How the Tory Government Lied About Bonuses and Protected the Banks

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Ben Cohen
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This story should be big, big news in the UK. George Monbiot of the Guardian has detailed how leaked documents reveal that the Tory government has been playing a double game with the British public - claiming on the one hand that they were doing their best to curb the excesses of the city, while lobbying for the exact opposite behind the scenes:

The leaked document, which was passed to a socialist-group MEP, lays out the UK Treasury's negotiating position. It reveals that "throughout the negotiation and implementation of the Directive, we have supported an interpretation that limits upfront cash to 40% of a total bonus". The European parliament's proposal – for a 20% limit – would, the UK claimed, "have a significant impact on the European financial services sector's international competitiveness." The Treasury, the document shows, also contested the plan to impose a minimum period for deferring the rest of the bonus payment. "Some may argue," the leaked document conceded, "that we are supporting a position that is less onerous on bank pay than other European legislators."

Under the heading "Line to take", the document proposed that the government should claim that it has "led the way in implementing G20 principles and doesn't believe that the EU should go further than what was agreed by the G20". It argued that "the only consistent option" is to drop the "minimum retention conditions". I'm publishing the leaked document in full on my website.

Monbiot outlines how the UK's proposals were rejected and the European Parliament's tougher rules adopted, only for Chancellor George Osborne to claim the new policies as their own:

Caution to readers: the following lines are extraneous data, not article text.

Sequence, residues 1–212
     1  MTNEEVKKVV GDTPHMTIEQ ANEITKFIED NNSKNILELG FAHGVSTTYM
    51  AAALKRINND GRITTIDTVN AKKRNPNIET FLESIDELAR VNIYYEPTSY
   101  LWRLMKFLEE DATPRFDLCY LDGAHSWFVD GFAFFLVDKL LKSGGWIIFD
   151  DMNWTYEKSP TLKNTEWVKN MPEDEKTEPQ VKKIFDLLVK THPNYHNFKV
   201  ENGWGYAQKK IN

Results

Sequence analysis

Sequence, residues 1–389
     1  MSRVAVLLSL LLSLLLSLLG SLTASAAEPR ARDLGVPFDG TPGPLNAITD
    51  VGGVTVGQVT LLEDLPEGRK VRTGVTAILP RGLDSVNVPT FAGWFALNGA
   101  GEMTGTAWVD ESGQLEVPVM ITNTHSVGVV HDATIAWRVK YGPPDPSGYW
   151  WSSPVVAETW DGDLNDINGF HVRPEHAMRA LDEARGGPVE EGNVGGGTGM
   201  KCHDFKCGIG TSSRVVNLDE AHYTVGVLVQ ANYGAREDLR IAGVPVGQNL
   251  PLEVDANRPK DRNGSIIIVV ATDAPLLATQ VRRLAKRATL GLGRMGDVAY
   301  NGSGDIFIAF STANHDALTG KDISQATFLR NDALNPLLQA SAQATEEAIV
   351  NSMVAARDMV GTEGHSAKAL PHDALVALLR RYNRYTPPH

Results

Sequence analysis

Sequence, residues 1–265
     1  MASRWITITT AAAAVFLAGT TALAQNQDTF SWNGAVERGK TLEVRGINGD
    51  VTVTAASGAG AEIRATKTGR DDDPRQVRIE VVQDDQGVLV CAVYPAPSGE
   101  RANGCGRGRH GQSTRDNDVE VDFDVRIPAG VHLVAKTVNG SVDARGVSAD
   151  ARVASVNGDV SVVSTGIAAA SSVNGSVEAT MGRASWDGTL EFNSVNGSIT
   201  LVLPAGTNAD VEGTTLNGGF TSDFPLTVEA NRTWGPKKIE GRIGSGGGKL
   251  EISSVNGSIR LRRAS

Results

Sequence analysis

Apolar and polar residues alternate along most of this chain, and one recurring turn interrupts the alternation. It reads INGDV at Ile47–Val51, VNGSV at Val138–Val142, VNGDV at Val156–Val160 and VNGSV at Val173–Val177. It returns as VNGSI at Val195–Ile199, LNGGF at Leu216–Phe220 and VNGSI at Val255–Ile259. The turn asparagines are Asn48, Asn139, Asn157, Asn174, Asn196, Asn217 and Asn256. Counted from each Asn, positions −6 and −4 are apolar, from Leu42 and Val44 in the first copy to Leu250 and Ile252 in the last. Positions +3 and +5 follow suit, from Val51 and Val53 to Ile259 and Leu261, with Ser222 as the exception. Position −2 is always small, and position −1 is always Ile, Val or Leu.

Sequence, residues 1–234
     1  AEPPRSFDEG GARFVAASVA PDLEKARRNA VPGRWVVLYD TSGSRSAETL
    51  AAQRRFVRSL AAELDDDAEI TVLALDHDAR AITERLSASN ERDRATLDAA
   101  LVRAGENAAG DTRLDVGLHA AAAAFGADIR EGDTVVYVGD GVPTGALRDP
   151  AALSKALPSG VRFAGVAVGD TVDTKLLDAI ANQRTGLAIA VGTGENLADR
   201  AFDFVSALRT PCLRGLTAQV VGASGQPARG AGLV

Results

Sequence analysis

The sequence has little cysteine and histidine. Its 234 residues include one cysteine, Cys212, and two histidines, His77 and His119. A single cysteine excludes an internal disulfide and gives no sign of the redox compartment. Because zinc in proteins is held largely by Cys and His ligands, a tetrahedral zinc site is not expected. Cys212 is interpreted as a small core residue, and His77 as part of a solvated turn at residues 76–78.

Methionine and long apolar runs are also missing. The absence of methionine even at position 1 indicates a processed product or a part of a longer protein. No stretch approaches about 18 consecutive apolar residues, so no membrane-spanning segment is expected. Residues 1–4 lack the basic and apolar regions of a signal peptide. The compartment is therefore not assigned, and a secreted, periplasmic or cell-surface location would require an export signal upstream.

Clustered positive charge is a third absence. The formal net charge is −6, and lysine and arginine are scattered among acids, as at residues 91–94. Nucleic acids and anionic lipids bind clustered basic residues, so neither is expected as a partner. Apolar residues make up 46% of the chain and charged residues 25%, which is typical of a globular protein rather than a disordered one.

On 11 January 2011, the chancellor, George Osborne, made the following statement to the House of Commons. "… on 1 January this year we introduced the most stringent code of practice of any financial centre in the world. For the first time, there will be a strict limit on the amount of bonus payable in upfront cash. Also for the first time, there will be a requirement that 50% of bonuses be paid in shares or other non-cash instruments, which bank employees will not be allowed to sell on for an appropriate period."

There is a very worrying pattern of deception going on here, where David Cameron's government is dressing up its policies as being progressive while systematically attempting to dismantle the state and its regulatory capacity.

This should come as no surprise given the party's history of constructing (or deconstructing) the state to protect the interests of the rich while ensuring social mobility and progress is virtually impossible for everyone else. Yet in Cameron's government, the British public faces a super slick sales operation that gently lulls them into inaction while ripping the carpet out from under their feet.